Leading Researchers Find A Direct Link Between Cancer And Alcohol Consumption

BLuke Miller Truth Theory

The American Society of Clinical Oncology have released a statement linking alcohol consumption to an increased risk in developing certain types of cancer.

In a statement released earlier this week, the American Society of Clinical Oncology pointed out a causal link between the consumption of alcohol and oropharyngeal and larynx cancer, esophageal cancer, hepatocellular carcinoma, breast cancer, and colon cancer.

The statement went on to say, “ASCO believes that a proactive stance by the Society to minimize excessive exposure to alcohol has important implications for cancer prevention,”

While there has been research relating alcohol and cancer for quite some time, this is the first time the organization has spoken up about the strong link between the two.

Earlier this year, two research groups found evidence tying as little as 1 glass of wine or beer a day to the increased risk in the development of both pre- and postmenopausal breast cancer. In this report, researchers from the American Institute for Cancer Research and the World Cancer Research Fund investigated 119 studies and data from an estimated 12 million women from around the globe.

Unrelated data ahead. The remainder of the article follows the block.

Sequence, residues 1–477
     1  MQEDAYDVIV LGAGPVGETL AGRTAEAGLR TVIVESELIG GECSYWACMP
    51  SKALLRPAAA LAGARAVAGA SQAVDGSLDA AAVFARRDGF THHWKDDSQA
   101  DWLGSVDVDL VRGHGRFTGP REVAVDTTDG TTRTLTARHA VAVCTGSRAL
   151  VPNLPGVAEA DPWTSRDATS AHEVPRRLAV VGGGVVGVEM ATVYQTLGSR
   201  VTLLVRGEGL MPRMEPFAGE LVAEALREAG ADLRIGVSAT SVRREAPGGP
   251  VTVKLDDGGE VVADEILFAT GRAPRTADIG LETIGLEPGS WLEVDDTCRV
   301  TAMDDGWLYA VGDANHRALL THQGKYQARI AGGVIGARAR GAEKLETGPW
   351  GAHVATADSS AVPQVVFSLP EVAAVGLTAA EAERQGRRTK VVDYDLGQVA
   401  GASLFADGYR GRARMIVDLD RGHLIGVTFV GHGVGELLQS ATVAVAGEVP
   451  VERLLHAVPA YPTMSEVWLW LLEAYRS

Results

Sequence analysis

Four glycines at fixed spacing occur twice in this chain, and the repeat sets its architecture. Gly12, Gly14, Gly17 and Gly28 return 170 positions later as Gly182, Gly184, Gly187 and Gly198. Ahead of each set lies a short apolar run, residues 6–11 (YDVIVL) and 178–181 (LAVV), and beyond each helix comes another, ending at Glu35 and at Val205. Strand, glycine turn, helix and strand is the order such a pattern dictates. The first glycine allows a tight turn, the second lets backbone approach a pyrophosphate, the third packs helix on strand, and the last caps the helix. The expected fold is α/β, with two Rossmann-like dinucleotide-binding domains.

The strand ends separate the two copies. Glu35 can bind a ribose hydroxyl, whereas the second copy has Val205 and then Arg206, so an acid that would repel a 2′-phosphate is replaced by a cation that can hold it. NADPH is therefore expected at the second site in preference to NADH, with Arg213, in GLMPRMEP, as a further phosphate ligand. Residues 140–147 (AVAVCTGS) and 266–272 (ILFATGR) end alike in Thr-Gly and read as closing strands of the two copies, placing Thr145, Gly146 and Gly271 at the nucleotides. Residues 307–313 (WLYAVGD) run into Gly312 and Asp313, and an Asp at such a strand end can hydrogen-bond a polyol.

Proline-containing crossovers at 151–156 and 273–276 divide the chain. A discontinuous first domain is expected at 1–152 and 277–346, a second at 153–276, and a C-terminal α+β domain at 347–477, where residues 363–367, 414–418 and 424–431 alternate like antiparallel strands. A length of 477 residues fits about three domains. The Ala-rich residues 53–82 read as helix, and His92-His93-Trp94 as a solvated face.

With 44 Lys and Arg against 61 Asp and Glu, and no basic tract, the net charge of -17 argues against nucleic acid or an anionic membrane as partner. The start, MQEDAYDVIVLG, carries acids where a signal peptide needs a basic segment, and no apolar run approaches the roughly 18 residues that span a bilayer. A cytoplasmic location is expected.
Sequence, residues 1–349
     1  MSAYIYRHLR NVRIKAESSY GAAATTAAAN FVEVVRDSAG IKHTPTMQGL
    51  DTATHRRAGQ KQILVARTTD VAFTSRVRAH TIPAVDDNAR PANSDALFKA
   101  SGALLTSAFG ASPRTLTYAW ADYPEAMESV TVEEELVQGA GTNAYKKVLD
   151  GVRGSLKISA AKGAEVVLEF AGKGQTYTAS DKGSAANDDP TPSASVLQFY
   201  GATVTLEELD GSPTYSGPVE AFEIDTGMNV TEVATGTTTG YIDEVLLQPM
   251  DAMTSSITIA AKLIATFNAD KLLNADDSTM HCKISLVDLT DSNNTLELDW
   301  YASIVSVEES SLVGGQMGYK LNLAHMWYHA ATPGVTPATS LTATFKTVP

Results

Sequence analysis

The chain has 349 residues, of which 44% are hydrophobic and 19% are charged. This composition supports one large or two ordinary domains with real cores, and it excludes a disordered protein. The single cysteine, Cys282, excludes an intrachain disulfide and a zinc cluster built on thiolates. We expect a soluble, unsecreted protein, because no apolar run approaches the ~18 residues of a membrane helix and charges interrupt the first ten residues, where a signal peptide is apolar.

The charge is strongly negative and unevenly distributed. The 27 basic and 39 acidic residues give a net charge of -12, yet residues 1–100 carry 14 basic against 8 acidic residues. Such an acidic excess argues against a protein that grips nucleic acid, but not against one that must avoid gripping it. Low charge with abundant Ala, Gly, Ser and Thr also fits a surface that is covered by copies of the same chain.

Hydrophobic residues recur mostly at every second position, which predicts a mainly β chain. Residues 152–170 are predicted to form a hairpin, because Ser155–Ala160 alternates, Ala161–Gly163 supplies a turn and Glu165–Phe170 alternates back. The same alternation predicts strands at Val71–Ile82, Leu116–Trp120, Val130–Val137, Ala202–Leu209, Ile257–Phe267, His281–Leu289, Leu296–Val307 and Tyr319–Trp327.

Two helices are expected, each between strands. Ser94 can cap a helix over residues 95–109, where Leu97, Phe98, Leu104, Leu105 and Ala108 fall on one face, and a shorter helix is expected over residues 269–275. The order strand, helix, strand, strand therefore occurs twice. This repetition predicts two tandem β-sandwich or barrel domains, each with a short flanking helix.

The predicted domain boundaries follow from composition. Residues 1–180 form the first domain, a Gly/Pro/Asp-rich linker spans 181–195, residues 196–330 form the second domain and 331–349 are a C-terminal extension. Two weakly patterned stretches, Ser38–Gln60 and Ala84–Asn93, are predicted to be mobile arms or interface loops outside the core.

The National Cancer Institute says the more regular your alcohol consumption the higher likelihood there is of you developing cancer, and alcohol is listed as a carcinogenic (having the potential to cause cancer) by the US Department of Health and Human Services.

This is not to say that mild alcohol consumption cannot be enjoyed, with researcher Alice Bender telling Business Insider earlier this year “We’re not saying no one should ever drink at all — we’re just saying if you do drink, even trying to keep it down to less than one drink a day would be a smart choice,”

The researchers from ASCO are in agreement.

“The message is not, ‘Don’t drink.’ It’s, ‘If you want to reduce your cancer risk, drink less. And if you don’t drink, don’t start,’” says Noelle LoConte, lead lead author of the ASCO statement and associate professor at the University of Wisconsin.

There are many lifestyle factors to consider and you can decrease your chances of developing cancer through changing your environment, diet and the amount of exercise you take part in. However, these latest findings show a strong link with alcohol and the risk of developing certain types of cancer.

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I am Luke Miller the author of this article, and creator of Potential For Change. I like to blend psychology and spirituality to help you create more happiness in your life.Grab a copy of my free 33 Page Illustrated eBook- Psychology Meets Spirituality- Secrets To A Supercharged Life You Control Here

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